• SliestDragon

        I agree with you that right out of the box Android doesn’t show you all the feature you should know to get the full use out of it like the notifacation bar, pressing the menu button for general setting for the app, and long-pressing for more specifically directed settings, (for example, setting how often a twitter app updates is a general update and has nothing with the fact that Timmy is eating a cupcake, but if you want to DM Timmy it isn’t a general setting or command, its a specific command towards Timmy only that would require you long-pressing on a tweet that Timmy posted to DM him.)
        but once you understand those 3 things, Android is really easy to understand. I just wish Google would add a tutorial to the setup screens to show you those and other features of Android.

        And with your button comment, it’s not that hard to understand. All Android phones have atleast a back, home, and menu button, but there are the phones that “ADD” buttons like a search button, a call and end button, or a form of moving around the OS like a trackball or D-pad(or now a Track-pad). And I don’t see that there is a difference between hardware buttons and touch sensitive buttons, they both do the same thing when pressed, just one can break or fall out, and one can crack. :p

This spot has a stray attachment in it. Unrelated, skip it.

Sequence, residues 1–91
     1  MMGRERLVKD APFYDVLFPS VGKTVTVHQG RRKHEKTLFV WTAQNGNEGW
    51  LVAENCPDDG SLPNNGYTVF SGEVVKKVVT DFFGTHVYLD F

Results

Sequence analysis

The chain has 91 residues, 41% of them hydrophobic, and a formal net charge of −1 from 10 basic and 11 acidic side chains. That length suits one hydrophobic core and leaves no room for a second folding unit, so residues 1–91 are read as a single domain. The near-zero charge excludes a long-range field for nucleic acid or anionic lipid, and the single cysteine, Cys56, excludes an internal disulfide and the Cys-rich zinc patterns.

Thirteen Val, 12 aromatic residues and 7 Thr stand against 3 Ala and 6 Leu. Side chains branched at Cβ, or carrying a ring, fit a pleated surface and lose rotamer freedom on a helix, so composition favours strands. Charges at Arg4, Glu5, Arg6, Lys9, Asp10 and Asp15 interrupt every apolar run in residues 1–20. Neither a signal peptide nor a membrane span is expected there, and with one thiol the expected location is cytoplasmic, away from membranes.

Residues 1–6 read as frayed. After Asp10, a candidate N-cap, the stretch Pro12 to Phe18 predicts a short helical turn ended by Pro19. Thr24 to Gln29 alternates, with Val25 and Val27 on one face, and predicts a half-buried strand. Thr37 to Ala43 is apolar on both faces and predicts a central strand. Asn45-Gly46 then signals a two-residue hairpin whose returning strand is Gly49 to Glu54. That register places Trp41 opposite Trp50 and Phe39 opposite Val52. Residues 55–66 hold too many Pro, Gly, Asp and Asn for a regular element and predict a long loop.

• ExtremeT

        You do realize I was saying people need to get OUT of the mindset that they are in, not making people get into a mindset or yes, the world would be a wonderful peaceful utopia.

        Yes I realize that it’s about usability but good usability doesn’t always mean one button or one action to access an app and everything crammed onto all your screens either. Usability also comes from organization as well.